There may not be anything more awkward than watching the planet’s greatest basketball player lumbering up and down the court looking like last player on the planet who should be playing in what’s supposed to be the world’s greatest basketball game.
In a nutshell, that’s what it’s like to watch Nikola Jokic – a.k.a. the planet’s best player – playing in the NBA All-Star Game, a basketball “game” that suits him about like skinny jeans on Charles Barkley.
The Joker playing in the NBA All-Star Game? It’s a joke. While an extraordinary collection of the most physically gifted athletes in all of sports perform feats more likely to be seen in the X Games than on a basketball court, Jokic looks like the goofy 8th grader whose finally mastered the bounce pass. He’s dribbling pretty darn good, too, and it’s obvious he’s spent some time working on the ol’ Mikan Drill. Defense doesn’t exist at the All-Star Game, so it’s a good, safe place to work on the fundamentals.
This is not to say that Jokic isn’t the best player on the court. He is. In fact, last spring when it was time to vote for the NBA MVP, 91 out of 101 voters said just that. The Joker ran away with the MVP like Secretariat at the Belmont Stakes. He’s still the best player in the world, but you’d never guess it this weekend when he’ll be showcased amongst the best of the best.
But Joker is not the only Denver Nugget who belongs in the NBA All-Star Game. In fact, a player far better suited for this particular game didn’t get the nod; his invite mysteriously lost in the mail. Actually, that’s not true – there’s no mystery. On a team that features the Joker, it would be pretty hard for Aaron Gordon to stand out.
Gordon, however, is the glue behind the Nuggets 33-25 record heading into the All-Star break. If it weren’t for Gordon, the Nuggets might very well be bringing up the rear in the Western Conference.
Ironically, Gordon’s game is tailormade for the NBA All-Star Game. He’s an athlete of epic proportion, incredibly strong and capable of taking flight over the biggest of bigs. Gordon should have won the dunk contest on two occasions, but somehow – some silliness by the subjective judges, actually – he’s never won one. Still, he’s a human highlight reel; he would be in the All-Star Game and is on a nightly basis.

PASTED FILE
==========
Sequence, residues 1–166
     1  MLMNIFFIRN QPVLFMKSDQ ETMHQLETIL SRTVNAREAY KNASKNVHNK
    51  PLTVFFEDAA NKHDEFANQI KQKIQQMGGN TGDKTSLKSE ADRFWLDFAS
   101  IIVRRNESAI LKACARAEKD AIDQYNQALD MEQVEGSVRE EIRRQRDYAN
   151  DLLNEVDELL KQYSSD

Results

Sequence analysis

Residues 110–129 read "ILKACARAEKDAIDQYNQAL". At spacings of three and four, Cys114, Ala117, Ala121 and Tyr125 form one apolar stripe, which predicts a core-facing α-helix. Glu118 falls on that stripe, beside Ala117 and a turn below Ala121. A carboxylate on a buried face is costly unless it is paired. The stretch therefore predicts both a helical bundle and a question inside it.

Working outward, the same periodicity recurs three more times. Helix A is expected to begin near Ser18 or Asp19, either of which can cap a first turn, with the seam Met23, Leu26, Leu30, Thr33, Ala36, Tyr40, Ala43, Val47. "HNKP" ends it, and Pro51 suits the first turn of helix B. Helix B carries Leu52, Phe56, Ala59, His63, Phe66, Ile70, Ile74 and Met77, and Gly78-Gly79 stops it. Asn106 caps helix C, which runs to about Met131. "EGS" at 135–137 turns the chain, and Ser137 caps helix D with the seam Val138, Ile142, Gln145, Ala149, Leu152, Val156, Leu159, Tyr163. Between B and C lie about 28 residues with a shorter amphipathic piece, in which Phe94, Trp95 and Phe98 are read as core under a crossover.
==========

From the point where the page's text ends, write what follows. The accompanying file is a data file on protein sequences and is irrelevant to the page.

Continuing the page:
But his game, at least by the numbers, doesn’t fly off the stat sheet. Gordon’s raw numbers are good – 14.5 points, 5.8 rebounds, 2.6 assists, .7 steals and .5 blocks – but they don’t shine quite like Jokic’s gaudy numbers.
Even Gordon’s advanced numbers, if you can trudge through the geek-ery, don’t suggest he’s among the NBA’s elite, but he is. Really, there’s no number that can adequately demonstrate what Gordon means to the Nuggets, or why he should be an NBA All-Star. Defensively, Gordon is easily the Nuggets best player – probably one of the best defenders in the entire NBA, but his numbers won’t say that either. But Gordon is a luxury any coach in the NBA would love to have.
Gordon can effectively guard 1-5. And he does it all the time.
What other player in the NBA – especially one who is 6-foot-8 and 235 pounds – can be asked to guard Steph Curry one night and Giannis Antetokounmpo on another? Gordon can effectively guard the oppositions best scorer for an entire game, while simultaneously able to switch off to any player on the court on any given possession. The term “position-less basketball” is most often applied to a team’s offensive style, but in Gordon’s case, it’s precisely how he’s utilized as a defender.
Gordon has never made an NBA All-Star Game roster; he might never make one. But for anyone who watches him play on a nightly basis, it’s impossible to miss what he brings to the Denver Nuggets.
Alongside the NBA MVP, Gordon in many ways is equally valuable. You won’t be watching him this weekend in Cleveland, but you should be.